Meat on Boat

eggplant1

Today we wanted to make something special for dinner. We usually prefer raki if we want to have some alcohol at dinner. But today we decided to have red wine instead and that’s why we thought that it would be better to try something new, something not eaten with raki before. We love red wine either with some high quality cheese or red meat. As it’s been a long time since we ate meat last (it was four big days ago!), we prefer meat. The red wine we had was Terra/Shiraz from Kayra wines. And it accompanied  our dish of eggplant and meat very well. The name of this dish is given by me because or its shape. The original name of it is “Bostan Kebabi”.

Bostan Kebabi

Ingredients
•    4 medium size eggplant
•    1 onion, diced
•    200gr veal steak, diced
•    2 green peppers, diced
•    1 tomato
•    6 cloves garlic, diced
•    ½ tbsp tomato paste
•    1 cup vegetable oil (for frying)
•    3 tbsp olive oil
•    Salt
•    Black pepper
•    Cumin
•    ½ cup water

As it will last longer to cook the meat, start with it. Heat 3 tbsp olive oil in a pan and add the diced meat. Saute it until all the water evaporates. Then add diced onion, garlic and pepper. Saute them until they change color. Then add tomato paste and spices and cook for a few minutes more. Then add water and salt in it. Cook it over the lowest heat until tender.

While the meat is cooking, you can start preparing the eggplants. Peel the eggplants striped. Cut a lengthways piece of it. It shouldn’t be deep cut. That piece will be like the lid of the eggplant. Then scoop out the middle of the eggplant, leave a little bit on the sides and bottom. Give it a shape of a boat.

Wait the eggplants in salty water for half an hour. Strain and dry them.

Preheat the oven to 220 C (428F).

Heat 1 cup vegetable oil in frying pan. Fry the eggplants a little. Don’t fry them much as they’ll also be cooked in oven. Place the fried eggplants in oven tray. Stuff these eggplants with meat with its sauce. You can pour some watery part of its sauce over them. Cut the tomato in finger shapes and place them on each eggplant. Cook it in oven for about half an hour.

A bowl of home made yogurt will be perfect companion for this tasty dish. I use some grains of pomegranate to make it more colorful.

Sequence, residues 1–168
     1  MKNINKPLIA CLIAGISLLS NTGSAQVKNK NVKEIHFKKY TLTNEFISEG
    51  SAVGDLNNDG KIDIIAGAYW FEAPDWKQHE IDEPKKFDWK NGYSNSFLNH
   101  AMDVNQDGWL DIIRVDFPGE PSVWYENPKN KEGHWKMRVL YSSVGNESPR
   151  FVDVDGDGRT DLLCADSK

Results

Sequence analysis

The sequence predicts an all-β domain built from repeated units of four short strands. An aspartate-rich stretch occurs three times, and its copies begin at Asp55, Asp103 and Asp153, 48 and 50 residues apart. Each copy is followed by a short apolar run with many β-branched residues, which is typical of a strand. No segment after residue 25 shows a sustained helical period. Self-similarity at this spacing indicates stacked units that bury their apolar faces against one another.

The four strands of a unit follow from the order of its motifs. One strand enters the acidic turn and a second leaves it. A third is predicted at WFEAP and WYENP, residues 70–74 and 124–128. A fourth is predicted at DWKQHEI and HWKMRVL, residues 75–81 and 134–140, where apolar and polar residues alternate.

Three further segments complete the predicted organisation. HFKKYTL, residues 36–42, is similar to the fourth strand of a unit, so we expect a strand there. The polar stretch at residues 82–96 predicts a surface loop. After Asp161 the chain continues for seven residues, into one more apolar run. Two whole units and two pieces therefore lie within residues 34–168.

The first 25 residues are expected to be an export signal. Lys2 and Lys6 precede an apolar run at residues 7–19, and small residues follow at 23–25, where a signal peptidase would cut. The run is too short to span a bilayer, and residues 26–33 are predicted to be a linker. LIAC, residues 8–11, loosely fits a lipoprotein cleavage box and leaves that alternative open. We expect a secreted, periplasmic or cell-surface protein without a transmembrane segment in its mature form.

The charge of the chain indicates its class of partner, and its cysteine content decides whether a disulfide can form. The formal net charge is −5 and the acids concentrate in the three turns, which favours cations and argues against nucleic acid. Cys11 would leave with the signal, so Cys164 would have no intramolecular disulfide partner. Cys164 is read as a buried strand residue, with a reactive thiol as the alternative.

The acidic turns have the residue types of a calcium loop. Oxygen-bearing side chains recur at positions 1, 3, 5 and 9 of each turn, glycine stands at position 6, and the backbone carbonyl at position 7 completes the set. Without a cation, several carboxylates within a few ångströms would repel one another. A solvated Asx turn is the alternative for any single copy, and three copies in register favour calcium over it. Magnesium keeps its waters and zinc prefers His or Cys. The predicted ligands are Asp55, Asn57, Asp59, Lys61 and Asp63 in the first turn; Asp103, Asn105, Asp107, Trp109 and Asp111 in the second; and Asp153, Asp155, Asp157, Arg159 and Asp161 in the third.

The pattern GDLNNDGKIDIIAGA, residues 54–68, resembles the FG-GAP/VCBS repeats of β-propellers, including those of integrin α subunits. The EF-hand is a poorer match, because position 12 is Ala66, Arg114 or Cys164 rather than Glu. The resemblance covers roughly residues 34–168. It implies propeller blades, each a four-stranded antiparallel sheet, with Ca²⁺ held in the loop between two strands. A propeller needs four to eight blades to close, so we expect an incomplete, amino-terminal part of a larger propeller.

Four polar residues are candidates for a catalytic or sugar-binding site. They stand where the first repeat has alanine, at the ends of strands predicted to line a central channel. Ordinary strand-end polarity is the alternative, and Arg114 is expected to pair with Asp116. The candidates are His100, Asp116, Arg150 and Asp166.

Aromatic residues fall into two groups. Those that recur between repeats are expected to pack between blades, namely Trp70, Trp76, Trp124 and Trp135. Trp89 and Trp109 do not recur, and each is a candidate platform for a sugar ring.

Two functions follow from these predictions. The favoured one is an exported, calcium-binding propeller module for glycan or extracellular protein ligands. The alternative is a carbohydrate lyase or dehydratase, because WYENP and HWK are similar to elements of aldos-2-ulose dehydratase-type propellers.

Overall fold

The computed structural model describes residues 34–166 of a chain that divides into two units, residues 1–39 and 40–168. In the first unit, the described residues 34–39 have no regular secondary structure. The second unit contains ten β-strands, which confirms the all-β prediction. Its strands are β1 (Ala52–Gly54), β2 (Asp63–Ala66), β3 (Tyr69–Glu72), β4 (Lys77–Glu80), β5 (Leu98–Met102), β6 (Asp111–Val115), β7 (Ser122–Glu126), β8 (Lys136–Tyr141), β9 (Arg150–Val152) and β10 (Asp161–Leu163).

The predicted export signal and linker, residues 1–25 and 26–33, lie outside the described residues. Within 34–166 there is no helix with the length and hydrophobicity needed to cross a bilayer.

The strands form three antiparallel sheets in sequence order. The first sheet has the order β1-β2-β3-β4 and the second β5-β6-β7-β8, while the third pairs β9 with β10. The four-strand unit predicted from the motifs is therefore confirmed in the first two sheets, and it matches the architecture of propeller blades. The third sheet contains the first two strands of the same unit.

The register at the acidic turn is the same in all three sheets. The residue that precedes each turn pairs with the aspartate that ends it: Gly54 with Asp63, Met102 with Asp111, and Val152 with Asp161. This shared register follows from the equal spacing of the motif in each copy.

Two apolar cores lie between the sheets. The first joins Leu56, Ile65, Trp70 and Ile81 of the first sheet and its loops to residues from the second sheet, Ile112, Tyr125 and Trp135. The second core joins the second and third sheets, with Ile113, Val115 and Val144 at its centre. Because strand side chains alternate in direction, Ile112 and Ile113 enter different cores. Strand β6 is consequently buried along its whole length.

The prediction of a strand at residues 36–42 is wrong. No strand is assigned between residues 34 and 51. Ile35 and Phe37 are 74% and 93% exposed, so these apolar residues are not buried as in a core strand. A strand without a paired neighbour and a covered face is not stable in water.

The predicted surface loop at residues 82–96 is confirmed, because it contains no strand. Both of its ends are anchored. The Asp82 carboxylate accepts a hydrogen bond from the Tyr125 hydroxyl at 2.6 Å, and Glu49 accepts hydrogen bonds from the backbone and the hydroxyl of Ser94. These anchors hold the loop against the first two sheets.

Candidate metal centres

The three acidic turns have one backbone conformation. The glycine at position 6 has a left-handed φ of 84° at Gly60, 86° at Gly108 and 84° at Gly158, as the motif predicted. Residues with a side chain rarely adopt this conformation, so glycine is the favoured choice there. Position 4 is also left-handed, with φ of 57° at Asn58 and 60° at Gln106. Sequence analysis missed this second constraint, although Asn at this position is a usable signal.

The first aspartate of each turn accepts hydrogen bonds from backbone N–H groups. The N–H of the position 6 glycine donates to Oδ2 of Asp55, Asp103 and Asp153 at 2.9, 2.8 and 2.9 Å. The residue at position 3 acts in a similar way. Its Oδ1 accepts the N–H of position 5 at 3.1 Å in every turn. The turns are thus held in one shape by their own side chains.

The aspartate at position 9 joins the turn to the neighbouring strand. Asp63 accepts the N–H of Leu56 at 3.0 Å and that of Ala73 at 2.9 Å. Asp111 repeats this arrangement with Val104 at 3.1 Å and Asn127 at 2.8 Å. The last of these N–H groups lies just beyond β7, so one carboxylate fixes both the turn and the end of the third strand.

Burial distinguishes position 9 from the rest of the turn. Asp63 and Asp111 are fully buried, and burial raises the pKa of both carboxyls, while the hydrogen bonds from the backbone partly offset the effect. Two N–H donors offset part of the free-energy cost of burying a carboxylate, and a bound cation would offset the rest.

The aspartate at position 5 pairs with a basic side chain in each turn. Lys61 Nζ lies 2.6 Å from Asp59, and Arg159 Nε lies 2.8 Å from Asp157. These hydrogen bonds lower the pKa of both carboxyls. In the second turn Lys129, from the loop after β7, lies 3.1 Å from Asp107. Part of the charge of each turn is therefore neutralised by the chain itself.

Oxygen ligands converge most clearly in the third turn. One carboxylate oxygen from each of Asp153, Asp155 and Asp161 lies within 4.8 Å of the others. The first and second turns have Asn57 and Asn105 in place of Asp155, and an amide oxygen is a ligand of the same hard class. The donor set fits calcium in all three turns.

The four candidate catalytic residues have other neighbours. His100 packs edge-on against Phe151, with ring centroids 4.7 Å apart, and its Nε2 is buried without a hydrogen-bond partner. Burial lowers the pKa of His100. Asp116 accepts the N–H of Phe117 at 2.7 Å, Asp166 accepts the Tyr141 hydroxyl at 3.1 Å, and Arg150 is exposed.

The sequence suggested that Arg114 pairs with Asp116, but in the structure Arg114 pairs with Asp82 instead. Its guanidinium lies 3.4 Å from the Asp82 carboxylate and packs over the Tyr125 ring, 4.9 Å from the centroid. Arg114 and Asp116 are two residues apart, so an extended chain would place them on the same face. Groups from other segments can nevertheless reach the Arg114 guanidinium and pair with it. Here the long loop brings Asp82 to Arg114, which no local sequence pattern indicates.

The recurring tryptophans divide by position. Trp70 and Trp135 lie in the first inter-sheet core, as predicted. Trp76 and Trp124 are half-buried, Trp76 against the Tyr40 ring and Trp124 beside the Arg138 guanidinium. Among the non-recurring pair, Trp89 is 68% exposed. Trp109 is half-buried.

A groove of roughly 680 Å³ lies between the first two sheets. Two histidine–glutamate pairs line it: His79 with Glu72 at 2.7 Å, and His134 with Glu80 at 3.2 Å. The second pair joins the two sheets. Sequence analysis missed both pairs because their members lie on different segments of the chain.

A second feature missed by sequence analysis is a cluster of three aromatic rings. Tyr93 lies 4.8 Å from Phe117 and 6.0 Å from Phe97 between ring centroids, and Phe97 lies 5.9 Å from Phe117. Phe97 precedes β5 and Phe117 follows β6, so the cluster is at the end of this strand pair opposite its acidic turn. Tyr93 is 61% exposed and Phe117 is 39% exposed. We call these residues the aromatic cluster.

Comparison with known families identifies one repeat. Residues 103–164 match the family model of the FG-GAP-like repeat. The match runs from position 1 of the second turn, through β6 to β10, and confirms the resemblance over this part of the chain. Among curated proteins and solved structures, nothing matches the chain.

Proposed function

And we continued the night by watching a striking film by Michael Moore, Sicko. So it becomes impossible to end this post with some nice words. No, the problem is not the movie, it was great. But the things we learnt in the film made us feel so sorry.

Comments

  1. says

    Oh my goodness this looks good, and a great reason to break out a new bottle of red wine – I cannot wait to try! I love the addition of pomagranites to the picture

  2. says

    This looks delicious! I am an eggplant lover. About the acorn squash you were asking me about. They do taste a little like zucchini but they have the texture of a potato.

  3. says

    It looks and sounds delicious! I’ve only had grilled eggplant (as a side) or as baba ghannoush so I should expand my repertoire a bit.

    An update on my search for grape molasses and simit – no luck at the Eastern European market so I will try a Greek/Mediterranean market in Minneapolis. Wish me luck!

  4. says

    Okay this is going to be long. First, I also saw y our simit recipe and decided I must find the grape molasses, so here is the link
    http://turkishtaste.stores.yahoo.net/koskapekmez.html
    I have bough from this site before (spices, meat, cheese) and have always been very happy. Now this gives me a reason to order some more things!

    Second Joel (my husband) and I joined a dinner club. One member of the three couples is from Anakra. He was saying that Turkey is producing a ton of wonderful wine right now. Too bad we can’ get it here (at least not in Virginia, possibly NYC?) So was the wine you had Turkish?

  5. says

    Hi Vanessa,
    Thank you for the link to grape molasses. I’ve never bought any food product online as we have the chance of buying them from markets. Among other companies, Koska is the best one for grape molasses and tahini. You can buy it without hesitation.

    That guy from Ankara is right. Turkey has been producing high quality wines for years. The lands of Turkey are suitable for growing grapes, so there are lots of vineyards all over the country. Turkey also exports wine to other countries. I’m planning to write a post on Turkish wine in the near future.

    If you have a chance of visiting Turkey, you should definitely try “Köy Şarabı” (Village Wine), a unique one! So yes, the one we had that night was a Turkish wine.

  6. Rowena says

    This is another recipe that I will try Zerrin! I love eggplant, and the way you added some pomegranate nibs for contrast is very tempting. That film Sicko was quite depressing, but often the truth can be like that. :-(

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